Decision support tool for early differential diagnosis of acute lung injury and cardiogenic pulmonary edema in medical critically ill patients

Christopher N. Schmickl, Khurram Shahjehan, Guangxi Li, Rajanigandha Dhokarh, Rahul Kashyap, Christopher Janish, Anas Alsara, Allan S. Jaffe, Rolf D. Hubmayr, Ognjen Gajic

Research output: Contribution to journalArticle

12 Scopus citations

Abstract

Background: At the onset of acute hypoxic respiratory failure, critically ill patients with acute lung injury (ALI) may be diffi cult to distinguish from those with cardiogenic pulmonary edema (CPE). No single clinical parameter provides satisfying prediction. We hypothesized that a combination of those will facilitate early differential diagnosis. Methods: In a population-based retrospective development cohort, validated electronic surveillance identifi ed critically ill adult patients with acute pulmonary edema. Recursive partitioning and logistic regression were used to develop a decision support tool based on routine clinical information to differentiate ALI from CPE. Performance of the score was validated in an independent cohort of referral patients. Blinded post hoc expert review served as gold standard. Results: Of 332 patients in a development cohort, expert reviewers(κ, 0.86) classifi ed 156 as having ALI and 176 as having CPE. The validation cohort had 161 patients (ALI 5 113, CPE 5 48). The score was based on risk factors for ALI and CPE, age, alcohol abuse, chemotherapy, and peripheral oxygen saturation/F IO 2 ratio. It demonstrated good discrimination (area under curve [AUC] 5 0.81; 95% CI, 0.77-0.86) and calibration (Hosmer-Lemeshow [HL] P 5.16). Similar performance was obtained in the validation cohort (AUC 5 0.80; 95% CI, 0.72-0.88; HL P 5.13). Conclusions: A simple decision support tool accurately classifi es acute pulmonary edema, reserving advanced testing for a subset of patients in whom satisfying prediction cannot be made. This novel tool may facilitate early inclusion of patients with ALI and CPE into research studies as well as improve and rationalize clinical management and resource use.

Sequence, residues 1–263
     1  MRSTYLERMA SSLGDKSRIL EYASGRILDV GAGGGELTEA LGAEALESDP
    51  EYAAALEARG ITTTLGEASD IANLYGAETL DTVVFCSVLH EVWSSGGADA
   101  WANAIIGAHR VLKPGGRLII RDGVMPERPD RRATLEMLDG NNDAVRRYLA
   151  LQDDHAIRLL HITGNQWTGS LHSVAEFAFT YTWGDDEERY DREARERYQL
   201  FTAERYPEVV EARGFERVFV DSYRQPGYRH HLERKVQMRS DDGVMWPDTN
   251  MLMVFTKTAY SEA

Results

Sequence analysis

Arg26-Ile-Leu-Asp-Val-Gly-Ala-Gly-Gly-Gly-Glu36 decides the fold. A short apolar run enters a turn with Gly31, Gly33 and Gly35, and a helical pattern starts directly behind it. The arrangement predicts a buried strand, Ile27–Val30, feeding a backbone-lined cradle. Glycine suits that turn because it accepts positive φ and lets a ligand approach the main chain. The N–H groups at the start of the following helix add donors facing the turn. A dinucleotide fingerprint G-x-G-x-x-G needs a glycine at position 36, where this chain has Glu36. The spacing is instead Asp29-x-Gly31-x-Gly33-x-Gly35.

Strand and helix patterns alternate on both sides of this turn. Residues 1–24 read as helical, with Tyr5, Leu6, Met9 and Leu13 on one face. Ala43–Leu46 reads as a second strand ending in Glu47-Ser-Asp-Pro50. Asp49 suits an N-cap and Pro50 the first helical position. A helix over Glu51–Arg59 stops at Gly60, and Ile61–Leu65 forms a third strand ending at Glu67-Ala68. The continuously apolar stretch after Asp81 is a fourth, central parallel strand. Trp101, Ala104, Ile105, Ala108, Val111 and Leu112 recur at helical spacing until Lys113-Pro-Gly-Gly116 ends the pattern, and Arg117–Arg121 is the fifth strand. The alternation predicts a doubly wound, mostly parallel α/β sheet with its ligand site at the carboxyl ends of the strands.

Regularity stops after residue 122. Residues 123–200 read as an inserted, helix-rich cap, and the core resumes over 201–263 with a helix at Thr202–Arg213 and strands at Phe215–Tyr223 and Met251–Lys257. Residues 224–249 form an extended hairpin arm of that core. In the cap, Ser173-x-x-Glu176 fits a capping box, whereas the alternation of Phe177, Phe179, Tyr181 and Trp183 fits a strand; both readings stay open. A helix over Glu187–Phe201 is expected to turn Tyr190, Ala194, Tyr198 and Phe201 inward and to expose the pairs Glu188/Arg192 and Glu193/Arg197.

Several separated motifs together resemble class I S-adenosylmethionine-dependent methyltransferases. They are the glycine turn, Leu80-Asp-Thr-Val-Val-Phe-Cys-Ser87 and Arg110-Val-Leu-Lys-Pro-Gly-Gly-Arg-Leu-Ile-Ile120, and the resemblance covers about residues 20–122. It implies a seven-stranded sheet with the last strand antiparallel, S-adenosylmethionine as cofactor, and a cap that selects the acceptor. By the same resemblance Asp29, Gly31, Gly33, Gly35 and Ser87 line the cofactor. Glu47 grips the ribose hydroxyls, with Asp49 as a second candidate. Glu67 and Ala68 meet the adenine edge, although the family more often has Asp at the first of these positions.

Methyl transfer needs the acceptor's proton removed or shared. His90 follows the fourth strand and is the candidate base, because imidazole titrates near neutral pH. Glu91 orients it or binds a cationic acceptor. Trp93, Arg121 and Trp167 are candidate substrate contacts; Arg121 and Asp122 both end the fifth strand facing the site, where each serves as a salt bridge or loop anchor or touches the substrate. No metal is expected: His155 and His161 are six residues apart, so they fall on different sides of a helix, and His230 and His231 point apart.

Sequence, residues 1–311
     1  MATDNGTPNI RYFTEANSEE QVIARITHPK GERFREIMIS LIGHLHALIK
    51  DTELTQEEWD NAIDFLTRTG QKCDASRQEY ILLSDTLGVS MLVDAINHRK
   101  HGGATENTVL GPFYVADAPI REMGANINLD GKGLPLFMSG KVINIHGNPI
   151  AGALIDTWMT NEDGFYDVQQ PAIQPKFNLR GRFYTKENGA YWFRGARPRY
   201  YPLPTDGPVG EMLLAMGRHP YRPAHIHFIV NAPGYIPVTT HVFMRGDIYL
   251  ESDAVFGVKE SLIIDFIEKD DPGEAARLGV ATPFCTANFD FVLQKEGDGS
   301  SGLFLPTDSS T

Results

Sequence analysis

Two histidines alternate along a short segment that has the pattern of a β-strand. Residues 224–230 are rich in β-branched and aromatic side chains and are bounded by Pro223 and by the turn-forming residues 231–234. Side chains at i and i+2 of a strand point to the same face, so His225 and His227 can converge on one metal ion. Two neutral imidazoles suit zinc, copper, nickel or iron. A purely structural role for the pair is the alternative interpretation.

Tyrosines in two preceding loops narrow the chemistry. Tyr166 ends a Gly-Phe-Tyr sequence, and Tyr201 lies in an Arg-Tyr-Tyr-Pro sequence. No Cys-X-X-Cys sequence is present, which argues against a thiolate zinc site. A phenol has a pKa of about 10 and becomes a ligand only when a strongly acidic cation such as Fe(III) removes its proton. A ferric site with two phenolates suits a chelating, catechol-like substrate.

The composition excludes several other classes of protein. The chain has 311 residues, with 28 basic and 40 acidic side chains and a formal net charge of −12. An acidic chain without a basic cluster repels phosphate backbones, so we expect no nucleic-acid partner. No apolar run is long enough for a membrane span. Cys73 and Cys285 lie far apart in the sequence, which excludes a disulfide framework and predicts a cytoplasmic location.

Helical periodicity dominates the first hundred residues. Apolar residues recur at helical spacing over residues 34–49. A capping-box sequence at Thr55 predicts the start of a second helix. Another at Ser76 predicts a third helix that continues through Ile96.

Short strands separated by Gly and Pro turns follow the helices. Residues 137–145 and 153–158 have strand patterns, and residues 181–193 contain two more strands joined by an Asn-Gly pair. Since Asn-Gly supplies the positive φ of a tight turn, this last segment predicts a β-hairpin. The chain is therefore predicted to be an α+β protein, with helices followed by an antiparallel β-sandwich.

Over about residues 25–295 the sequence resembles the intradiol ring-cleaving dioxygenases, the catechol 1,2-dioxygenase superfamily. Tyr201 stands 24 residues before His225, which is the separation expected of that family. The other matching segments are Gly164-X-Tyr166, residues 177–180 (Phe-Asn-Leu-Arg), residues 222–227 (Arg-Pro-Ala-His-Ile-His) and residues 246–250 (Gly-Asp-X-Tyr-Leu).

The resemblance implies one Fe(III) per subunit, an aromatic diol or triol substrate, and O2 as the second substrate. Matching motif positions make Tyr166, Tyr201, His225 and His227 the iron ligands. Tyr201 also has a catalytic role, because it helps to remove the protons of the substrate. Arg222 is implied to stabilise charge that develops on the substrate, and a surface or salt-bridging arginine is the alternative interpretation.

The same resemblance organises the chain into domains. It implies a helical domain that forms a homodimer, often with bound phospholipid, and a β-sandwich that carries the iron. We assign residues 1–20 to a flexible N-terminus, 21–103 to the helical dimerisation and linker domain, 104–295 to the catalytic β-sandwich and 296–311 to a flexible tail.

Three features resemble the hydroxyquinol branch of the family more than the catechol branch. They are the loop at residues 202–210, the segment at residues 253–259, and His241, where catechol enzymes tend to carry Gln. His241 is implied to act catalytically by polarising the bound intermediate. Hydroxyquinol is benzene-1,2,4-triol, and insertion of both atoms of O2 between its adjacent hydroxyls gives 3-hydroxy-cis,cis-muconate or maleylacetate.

Original languageEnglish (US)
Pages (from-to)43-50
Number of pages8
JournalChest
Volume141
Issue number1
DOIs
StatePublished - Jan 2012

ASJC Scopus subject areas

  • Pulmonary and Respiratory Medicine
  • Critical Care and Intensive Care Medicine
  • Cardiology and Cardiovascular Medicine

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